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Saturday, July 20, 2024

Theatre review: Satellite(s) adds little to the discussion on Vancouver’s housing crisis

New play is diminished with the addition of a ridiculous sex farce

There are two very powerful scenes in Satellite(s). They both come from the human impact of Vancouver’s housing crisis, which is at the centre of Aaron Bushkowsky’s new play.

Unfortunately, these two moments are fleeting inside this topical play, ultimately adding little to the conversation, and frustratingly getting lost inside a ridiculous sex farce.

Taking its name from the term “satellite kids”, it is a phenomena first coined by Chinese-language media to represent the children who reside in Canada, usually to complete their education, after the adult members of the family have returned to their country of origin.

In Bushkowsky’s play, the satellite kid is 18-year old Li.

In the best performance of the night, Mason Temple plays Li with a wonderful vulnerability beneath a false exterior, as he struggles to adapt to his new life in Vancouver. Abandoned after his mother returns to China, Li occupies a five million dollar mansion among a tony, and predominately white, Vancouver neighbourhood. Torn from family and friends in China, Li finds himself lost, forced to deal with his new isolation on his own.

Oddly befriending his next door neighbour, Jan, she is a local activist, looking to protect Vancouver’s vanishing heritage homes, irate over the demolition of older houses, usually to be replaced by modern mega-mansions by foreign buyers. Jan is equally as angry with the parents of satellite kids like Li, believing they have simply abandoned their children in a foreign country.

Inexplicably traveling to China, Jan confronts Li’s mother, Cherry. Jan soon discovers not everything she believes about satellite kids is true. Instead, Cherry opens Jan’s eyes to why at least some kids are shipped off to live in other parts of the world in this manner.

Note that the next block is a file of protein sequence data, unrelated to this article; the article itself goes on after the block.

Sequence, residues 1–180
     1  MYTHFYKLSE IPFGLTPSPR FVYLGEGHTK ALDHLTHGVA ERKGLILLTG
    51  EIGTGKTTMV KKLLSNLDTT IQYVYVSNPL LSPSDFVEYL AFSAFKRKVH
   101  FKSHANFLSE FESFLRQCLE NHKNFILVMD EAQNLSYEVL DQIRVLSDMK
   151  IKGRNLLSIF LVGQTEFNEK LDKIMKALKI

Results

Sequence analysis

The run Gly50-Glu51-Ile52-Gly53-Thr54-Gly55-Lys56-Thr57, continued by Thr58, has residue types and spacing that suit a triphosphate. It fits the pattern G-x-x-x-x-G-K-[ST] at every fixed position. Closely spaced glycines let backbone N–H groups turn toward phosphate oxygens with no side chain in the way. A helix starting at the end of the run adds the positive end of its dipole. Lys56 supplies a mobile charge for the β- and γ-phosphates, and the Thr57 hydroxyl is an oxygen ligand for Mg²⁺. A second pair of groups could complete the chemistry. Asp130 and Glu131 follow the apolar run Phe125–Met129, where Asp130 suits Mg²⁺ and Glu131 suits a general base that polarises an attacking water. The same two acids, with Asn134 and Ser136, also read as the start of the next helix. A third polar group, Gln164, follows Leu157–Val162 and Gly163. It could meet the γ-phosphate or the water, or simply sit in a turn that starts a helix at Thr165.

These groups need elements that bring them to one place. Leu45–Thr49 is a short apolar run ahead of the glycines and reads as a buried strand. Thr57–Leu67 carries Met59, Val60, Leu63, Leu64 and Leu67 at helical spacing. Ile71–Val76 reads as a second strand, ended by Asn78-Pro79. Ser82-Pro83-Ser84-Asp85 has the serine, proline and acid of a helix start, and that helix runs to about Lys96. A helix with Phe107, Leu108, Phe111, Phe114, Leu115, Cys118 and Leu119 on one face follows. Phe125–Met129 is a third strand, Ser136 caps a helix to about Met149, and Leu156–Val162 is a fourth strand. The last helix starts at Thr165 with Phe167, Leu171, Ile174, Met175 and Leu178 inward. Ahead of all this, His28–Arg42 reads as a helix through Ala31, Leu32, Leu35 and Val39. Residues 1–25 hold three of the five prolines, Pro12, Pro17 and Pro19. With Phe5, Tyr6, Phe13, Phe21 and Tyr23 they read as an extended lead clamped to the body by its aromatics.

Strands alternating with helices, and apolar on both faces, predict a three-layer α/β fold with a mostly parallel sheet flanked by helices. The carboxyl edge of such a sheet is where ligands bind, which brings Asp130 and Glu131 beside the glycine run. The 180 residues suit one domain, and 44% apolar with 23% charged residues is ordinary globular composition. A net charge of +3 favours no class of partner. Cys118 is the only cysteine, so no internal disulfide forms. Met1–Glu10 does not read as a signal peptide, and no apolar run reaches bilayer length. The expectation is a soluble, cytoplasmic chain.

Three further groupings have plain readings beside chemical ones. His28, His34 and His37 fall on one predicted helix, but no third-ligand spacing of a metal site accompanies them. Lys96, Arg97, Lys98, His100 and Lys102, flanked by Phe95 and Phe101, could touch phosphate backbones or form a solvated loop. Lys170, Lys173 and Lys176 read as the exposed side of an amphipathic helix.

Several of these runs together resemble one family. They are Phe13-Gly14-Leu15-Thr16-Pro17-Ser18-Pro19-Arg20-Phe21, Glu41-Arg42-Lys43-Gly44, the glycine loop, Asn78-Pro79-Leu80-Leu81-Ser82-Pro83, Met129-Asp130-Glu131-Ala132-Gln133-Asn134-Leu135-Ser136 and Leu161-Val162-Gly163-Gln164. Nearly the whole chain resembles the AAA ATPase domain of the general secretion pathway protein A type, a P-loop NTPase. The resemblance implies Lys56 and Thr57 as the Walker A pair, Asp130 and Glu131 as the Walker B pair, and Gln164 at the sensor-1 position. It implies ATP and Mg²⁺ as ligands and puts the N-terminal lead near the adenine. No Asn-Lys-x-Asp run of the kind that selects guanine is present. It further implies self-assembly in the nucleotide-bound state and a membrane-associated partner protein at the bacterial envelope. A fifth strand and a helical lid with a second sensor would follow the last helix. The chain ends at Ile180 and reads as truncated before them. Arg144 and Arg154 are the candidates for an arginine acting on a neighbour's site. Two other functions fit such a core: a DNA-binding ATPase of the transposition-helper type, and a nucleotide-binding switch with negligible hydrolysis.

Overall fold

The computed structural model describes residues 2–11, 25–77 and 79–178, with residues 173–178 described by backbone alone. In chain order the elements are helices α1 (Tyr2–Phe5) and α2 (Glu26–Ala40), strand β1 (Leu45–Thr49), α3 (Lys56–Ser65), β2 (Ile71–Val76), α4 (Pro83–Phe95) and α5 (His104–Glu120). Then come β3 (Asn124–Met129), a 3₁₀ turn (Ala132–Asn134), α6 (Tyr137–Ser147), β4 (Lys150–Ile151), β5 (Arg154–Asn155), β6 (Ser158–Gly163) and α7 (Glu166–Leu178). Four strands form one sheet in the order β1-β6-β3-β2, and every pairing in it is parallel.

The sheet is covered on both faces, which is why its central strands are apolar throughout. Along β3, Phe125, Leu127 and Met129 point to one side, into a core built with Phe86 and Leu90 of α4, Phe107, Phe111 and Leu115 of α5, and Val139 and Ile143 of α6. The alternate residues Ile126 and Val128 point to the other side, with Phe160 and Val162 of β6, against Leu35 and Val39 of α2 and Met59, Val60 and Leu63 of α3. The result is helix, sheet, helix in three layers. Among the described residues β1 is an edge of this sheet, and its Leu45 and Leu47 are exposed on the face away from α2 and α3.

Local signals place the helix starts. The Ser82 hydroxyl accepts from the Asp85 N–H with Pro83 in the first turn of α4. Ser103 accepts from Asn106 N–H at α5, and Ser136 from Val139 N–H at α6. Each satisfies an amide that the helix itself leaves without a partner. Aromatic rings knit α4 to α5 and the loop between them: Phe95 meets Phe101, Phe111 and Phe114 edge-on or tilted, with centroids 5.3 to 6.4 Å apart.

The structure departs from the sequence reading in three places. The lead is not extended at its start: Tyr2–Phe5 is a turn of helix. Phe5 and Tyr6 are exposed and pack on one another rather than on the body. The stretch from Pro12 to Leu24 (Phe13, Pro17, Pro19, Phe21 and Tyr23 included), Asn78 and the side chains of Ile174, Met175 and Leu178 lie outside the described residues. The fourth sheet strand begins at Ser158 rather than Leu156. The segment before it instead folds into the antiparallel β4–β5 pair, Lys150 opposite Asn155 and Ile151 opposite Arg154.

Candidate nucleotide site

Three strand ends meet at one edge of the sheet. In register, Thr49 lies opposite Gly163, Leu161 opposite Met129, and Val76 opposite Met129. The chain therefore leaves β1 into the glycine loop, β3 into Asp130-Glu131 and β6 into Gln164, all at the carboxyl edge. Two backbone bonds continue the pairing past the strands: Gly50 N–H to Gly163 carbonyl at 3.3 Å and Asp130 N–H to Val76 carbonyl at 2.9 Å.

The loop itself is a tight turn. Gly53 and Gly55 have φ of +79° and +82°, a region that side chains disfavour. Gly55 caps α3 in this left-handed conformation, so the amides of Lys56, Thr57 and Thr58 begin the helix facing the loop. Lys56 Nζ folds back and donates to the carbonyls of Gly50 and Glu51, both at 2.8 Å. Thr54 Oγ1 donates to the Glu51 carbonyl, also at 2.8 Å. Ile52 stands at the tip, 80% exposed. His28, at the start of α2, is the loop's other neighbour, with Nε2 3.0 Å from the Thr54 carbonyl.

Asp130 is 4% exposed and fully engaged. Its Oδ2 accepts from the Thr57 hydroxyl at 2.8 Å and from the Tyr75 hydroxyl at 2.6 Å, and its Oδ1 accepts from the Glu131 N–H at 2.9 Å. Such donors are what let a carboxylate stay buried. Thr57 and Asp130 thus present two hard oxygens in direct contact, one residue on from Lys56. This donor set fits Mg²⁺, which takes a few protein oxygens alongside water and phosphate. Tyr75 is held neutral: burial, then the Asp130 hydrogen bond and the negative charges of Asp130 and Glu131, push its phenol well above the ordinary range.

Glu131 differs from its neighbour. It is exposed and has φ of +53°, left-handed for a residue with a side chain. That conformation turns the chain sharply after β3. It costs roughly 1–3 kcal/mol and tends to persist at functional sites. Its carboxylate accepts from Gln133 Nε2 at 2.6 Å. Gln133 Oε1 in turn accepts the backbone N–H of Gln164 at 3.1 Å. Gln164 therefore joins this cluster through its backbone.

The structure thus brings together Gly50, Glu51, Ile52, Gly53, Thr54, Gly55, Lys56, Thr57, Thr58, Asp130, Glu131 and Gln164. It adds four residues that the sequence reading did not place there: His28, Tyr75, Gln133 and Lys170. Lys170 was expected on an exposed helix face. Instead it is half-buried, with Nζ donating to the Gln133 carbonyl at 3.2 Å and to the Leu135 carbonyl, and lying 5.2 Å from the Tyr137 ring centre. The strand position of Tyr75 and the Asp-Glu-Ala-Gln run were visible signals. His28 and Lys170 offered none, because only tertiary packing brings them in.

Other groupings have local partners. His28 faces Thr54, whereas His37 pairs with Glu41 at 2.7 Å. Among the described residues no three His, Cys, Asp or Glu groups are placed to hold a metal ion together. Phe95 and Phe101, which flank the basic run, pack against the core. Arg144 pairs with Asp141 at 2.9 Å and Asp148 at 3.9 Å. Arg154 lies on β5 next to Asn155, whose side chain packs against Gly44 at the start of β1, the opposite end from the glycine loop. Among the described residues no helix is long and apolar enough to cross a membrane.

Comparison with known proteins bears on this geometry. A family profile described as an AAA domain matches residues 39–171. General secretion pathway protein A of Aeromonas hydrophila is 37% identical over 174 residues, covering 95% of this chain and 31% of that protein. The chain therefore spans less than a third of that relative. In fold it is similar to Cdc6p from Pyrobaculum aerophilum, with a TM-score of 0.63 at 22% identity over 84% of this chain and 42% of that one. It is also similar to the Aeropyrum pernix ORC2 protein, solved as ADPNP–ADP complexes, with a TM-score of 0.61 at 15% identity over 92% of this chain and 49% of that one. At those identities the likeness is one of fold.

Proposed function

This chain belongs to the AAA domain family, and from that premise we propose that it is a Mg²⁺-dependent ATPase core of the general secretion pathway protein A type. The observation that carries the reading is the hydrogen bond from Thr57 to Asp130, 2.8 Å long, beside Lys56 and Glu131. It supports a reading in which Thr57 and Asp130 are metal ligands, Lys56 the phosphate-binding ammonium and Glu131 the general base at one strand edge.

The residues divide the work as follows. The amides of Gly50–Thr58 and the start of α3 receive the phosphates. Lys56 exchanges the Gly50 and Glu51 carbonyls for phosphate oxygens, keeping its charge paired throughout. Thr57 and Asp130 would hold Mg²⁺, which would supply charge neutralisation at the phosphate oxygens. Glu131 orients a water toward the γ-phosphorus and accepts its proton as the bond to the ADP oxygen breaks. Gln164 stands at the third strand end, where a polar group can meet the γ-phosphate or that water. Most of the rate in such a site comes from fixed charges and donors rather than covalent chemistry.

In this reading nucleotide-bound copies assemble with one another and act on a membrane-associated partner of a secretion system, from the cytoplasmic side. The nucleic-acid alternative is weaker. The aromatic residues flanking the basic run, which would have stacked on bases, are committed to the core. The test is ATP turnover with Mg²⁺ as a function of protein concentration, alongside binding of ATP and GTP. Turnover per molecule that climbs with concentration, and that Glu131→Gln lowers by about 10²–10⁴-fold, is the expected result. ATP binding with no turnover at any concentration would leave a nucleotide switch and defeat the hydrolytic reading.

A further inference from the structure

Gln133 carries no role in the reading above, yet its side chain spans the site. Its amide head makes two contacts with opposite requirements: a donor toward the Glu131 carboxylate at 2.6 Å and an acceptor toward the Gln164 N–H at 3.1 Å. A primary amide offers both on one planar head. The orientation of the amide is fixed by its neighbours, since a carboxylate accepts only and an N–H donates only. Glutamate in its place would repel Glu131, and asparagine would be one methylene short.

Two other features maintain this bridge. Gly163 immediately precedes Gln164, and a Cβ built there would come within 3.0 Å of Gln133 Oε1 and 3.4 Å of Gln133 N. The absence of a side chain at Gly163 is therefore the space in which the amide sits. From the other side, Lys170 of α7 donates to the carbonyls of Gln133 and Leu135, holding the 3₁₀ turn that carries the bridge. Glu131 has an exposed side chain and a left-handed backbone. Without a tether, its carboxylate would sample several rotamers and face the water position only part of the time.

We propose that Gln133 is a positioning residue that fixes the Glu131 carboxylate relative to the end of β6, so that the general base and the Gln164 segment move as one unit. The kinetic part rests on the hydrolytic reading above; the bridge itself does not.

It is in Li’s isolation and Cherry’s demonstration where Bushkowsky finds real resonance.

In an exploration of otherness and our preconceived, and often false, views of immigrants and our housing crisis, Bushkowsky helps us look beyond our own neighbourhoods. While Vancouver may be quickly becoming unaffordable for the average resident, through Li and Cherry, Bushkowsky confronts some of our media-fueled views around foreign investment. In challenging our beliefs, and viewing the issue from the other side, albeit through the lens of a white middle-aged male, Satellite(s) is effective.

Unfortunately though, those moments which add even a kernel of something new to the dialogue are all too fleeting. Instead, Bushkowsky continues to feed the often myopic view from ground zero, where statistics are used to reinforce often unsubstantiated beliefs in what is a very complicated issue.

In perhaps realizing a serious investigation into this complex issue can only provide so much drama before it gets boring (and it does), Bushkowsky pads out his two hour play with what can only be described as a sex farce.

In this secondary story, Jan’s husband Andy has an affair with Cherry’s realtor, Sandy. Meanwhile, Cherry ends up falling for government official, Omar, who holds the key to her son’s life in Vancouver. The two pairings are not only contrived but, to make matters worse, it is impossible to believe either women would have anything to do with these two self-centred men.

Working hard with what they have been given, there is little for the four adult actors to latch onto. While Meaghan Chenosky manages to mine some of the humour as the realtor, the two men, played by Anousha Alamain and Alex Zahara, come across as cartoonish. Jillian Fargey as Jan, and Sharon Crandall as Cherry fare a little better, but only intermittently.

Beyond Mason Temple’s performance, the other captivating piece to Satellite(s) comes from set designer, Yvan Morissette. Using stacks of corrugated cardboard, Morisette provides both a beautiful sculptural backdrop, and a few functional pieces.

Director Bill Dow bookends Bushkowsky’s play in very visual scenes, where his characters speak of home and loneliness. Lit solely by the light of the ubiquitous smart phones, the two scenes speak volumes to our deepening urban isolation. If only the rest of Satellite(s) was as effective.

Satellite(s) by Aaron Bushkowsky. Directed by Bill Dow. A Solo Collective Theatre production. On stage at Performance Works (1218 Cartwright St, Granville Island, Vancouver) until November 26. Visit for tickets and information.

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